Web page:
Teen charged in connection with roommate's suicide

A North Woodstock mother is searching for answers in her son's death after authorities say his roommate helped him co...

Posted: May 30, 2018 9:57 PM
Updated: May 30, 2018 9:57 PM

A North Woodstock mother is searching for answers in her son's death after authorities say his roommate helped him commit suicide.

Earlier this month, Michael Buskey was found dead of a gunshot wound in the woods near his Plymouth apartment. His death was ruled a suicide.

Buskey's mother Jennifer Phelps arrived at Grafton Superior Court wearing a shirt with a picture of her late son, whom she called "Mikey," on it.

"He loved helping his friends. He was always there for people if they needed him," Phelps said.

She said her son had troubles in the past but that he was getting better and that the news of his death just didn't add up.

"I think there's a lot more behind it. My personal opinion -- I can't speak for anybody else -- in my personal opinion, I think there's a lot more behind it than meets the eye," Phelps said.

Phelps said that feeling is growing even more now that one of her son's roommates is facing charges connected to his death.

Parker Hogan was arrested by Plymouth police, charged with causing or aiding a suicide involving death, along with three counts of falsifying physical evidence. He was arraigned Tuesday at Grafton County Superior Court in North Haverhill.

Court documents revealed disturbing details about the hours leading up to Buskey's death, saying that Hogan helped plan Buskey's suicide.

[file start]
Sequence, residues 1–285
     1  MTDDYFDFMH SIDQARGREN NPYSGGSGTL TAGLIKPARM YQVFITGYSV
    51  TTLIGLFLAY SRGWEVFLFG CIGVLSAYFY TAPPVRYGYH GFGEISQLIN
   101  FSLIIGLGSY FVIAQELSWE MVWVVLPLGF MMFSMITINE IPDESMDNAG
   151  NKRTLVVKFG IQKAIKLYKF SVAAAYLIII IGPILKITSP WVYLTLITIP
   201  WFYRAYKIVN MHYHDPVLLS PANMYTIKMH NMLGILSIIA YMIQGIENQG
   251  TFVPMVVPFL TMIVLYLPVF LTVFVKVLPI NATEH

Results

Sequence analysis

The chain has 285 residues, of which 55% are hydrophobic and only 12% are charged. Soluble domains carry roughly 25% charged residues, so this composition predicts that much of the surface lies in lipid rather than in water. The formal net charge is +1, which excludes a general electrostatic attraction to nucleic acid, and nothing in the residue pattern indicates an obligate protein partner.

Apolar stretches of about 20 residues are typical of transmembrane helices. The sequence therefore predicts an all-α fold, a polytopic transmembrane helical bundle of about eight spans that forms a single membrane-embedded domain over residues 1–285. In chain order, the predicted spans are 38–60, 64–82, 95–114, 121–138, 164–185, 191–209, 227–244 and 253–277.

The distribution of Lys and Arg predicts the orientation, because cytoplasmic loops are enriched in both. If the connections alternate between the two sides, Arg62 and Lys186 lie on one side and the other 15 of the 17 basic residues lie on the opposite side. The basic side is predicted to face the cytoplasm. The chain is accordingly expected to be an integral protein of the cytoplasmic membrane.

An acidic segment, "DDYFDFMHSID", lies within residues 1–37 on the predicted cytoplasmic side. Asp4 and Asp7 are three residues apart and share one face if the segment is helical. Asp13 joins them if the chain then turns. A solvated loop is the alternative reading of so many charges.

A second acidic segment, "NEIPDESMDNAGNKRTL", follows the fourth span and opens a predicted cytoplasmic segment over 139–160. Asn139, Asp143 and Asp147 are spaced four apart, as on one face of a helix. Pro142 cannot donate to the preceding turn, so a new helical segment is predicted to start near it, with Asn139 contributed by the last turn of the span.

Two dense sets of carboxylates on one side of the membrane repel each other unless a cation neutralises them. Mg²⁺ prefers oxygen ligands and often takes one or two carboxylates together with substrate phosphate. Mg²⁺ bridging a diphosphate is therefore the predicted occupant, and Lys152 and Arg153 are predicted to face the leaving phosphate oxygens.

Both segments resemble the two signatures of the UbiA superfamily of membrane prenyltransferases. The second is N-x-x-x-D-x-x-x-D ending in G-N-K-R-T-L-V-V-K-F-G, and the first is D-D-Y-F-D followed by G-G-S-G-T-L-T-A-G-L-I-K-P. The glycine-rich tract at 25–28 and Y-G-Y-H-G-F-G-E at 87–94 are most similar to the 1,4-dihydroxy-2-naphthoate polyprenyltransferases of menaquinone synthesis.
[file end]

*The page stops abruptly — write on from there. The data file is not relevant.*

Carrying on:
A police report says the two went into a wooded area near their apartment, where they practiced ways for Buskey to shoot himself.

Documents show Hogan then left the woods, waited until he heard a gunshot and returned to make sure Buskey was dead.

He called police and Buskey's father the next morning.

"It's a Class B felony, so that's anywhere from 3 ½ to seven years maximum," prosecutor Paul Fitzgerald said.

Legal analyst Kirsten Wilson said the fact that Hogan waited until the next day to report Buskey's death makes the case rare.

"I think it's going to be a tough defense to put forward, that he didn't believe this was a probable outcome," Wilson said.

As the case moves through the court system, Buskey's mother is hoping it will provide answers.

"I just hope that everything comes to light and people will see what really happened," Phelps said.

Hogan's defense attorney entered not guilty-pleas on his behalf for all four charges, which Wilson said will be important in the case.

"There are allegations that he got rid of a suicide note, that he had wiped fingerprints off of the gun and alcohol nips that were involved in the planning, I believe," she said. "Those are going to go towards that he knew full well what was going to happen when Buskey was left alone in the woods by Hogan."

The defense had no comment following the arraignment.

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